How the Brits became a nation of tea drinkers Coffee leaf rust in Ceylon had very little to do with it

Erika Rappaport
Erika Rappaport’s study of tea meticulously documents the many ways in which tea, as it became one of the first global commodities, was responsible for so many aspects of modern life. In the course of our conversation, it became obvious that there is no single reason why the Brits turned to tea. They were drinking roughly equal amounts of tea and coffee to begin with, long before coffee leaf rust arrived in Ceylon, but it was mostly Chinese tea. When the British East India Company decided to try their hand growing tea in Assam, they came up against one big problem: back home, nobody much liked the taste of Indian tea. Persuading them to change their minds was a massive undertaking involving racist rhetoric, fearmongering, and little glimpses of heaven on earth. And it worked.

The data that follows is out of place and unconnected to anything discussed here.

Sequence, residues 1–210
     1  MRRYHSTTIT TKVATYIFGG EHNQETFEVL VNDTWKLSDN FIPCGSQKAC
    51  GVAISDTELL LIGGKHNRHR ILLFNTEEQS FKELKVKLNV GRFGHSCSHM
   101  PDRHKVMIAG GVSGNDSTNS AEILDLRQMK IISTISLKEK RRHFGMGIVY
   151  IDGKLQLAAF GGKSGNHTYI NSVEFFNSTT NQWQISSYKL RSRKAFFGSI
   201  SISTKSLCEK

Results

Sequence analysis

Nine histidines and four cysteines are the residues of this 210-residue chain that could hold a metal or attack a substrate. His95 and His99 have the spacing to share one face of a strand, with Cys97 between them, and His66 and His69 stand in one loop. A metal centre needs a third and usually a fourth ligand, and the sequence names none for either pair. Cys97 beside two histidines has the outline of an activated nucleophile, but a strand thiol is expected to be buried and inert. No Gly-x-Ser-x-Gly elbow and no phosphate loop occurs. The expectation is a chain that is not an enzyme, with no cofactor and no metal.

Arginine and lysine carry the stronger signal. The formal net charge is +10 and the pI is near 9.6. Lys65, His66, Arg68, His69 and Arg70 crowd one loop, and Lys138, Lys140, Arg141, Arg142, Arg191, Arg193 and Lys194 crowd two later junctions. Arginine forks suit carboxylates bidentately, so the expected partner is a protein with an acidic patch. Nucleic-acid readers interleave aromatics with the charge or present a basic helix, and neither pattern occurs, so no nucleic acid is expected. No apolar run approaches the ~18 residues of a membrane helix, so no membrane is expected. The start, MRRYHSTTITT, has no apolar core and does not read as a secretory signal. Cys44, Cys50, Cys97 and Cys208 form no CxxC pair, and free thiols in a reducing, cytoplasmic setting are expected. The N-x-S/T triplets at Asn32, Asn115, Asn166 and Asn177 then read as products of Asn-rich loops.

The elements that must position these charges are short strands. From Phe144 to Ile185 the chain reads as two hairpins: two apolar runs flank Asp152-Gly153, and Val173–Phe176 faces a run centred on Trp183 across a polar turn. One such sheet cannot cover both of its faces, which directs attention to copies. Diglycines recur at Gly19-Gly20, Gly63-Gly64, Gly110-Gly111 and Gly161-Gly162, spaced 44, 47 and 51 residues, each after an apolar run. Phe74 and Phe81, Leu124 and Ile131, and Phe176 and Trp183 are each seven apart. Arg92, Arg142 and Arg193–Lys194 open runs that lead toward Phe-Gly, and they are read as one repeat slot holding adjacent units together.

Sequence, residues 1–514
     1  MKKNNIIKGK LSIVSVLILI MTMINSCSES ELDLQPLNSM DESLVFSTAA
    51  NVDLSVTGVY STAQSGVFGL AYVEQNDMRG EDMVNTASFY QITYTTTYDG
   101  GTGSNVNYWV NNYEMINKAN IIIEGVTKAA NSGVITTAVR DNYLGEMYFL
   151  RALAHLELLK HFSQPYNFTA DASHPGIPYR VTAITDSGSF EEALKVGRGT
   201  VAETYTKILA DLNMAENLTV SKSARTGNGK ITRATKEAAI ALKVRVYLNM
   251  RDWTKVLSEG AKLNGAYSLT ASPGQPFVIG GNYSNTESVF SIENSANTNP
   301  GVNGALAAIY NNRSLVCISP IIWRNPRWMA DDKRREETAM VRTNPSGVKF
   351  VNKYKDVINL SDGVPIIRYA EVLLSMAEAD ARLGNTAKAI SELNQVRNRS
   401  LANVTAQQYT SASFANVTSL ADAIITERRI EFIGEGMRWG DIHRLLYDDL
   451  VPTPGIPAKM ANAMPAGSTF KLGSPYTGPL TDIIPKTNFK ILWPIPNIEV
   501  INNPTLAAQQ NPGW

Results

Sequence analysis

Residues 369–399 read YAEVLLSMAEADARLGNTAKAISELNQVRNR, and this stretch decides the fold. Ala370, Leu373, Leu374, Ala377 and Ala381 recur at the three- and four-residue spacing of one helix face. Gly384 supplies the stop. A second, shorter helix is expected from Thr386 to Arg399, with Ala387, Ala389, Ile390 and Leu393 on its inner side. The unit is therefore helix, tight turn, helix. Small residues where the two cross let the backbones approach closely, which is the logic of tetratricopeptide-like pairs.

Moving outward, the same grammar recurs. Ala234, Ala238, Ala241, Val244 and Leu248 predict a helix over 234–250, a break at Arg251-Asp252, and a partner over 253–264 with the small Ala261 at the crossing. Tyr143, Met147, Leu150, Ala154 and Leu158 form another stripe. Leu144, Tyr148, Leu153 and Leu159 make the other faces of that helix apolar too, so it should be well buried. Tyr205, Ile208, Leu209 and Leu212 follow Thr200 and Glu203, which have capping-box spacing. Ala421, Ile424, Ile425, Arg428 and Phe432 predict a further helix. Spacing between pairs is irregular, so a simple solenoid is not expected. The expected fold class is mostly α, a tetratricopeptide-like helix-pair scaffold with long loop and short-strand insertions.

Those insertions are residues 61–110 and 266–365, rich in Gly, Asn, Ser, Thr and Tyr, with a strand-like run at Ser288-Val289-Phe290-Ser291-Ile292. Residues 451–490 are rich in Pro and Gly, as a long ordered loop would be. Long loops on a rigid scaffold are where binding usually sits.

“Comparative Consumption,”
Sir James Buckingham, A Few Facts about Indian Tea and How to Brew It
(London: Indian Tea Association, 1910, p. 4. British Library shelf mark 07076.48 (4).


  1. Erika Rappaport shared just a few stories from tea’s not so glorious history. There is masses more in her book, and if you’re looking for a long read in which to lose yourself (or a loved one), I highly recommend A Thirst for Empire: How Tea Shaped the Modern World.
  2. Not entirely by chance, I also watched a video of William Dalrymple talking about his newish book The Anarchy: The East India Company, Corporate Violence, and the Pillage of an Empire. Tea barely gets a look in, but there is so much else to digest.
  3. There is now a transcript, thanks to the show’s supporters

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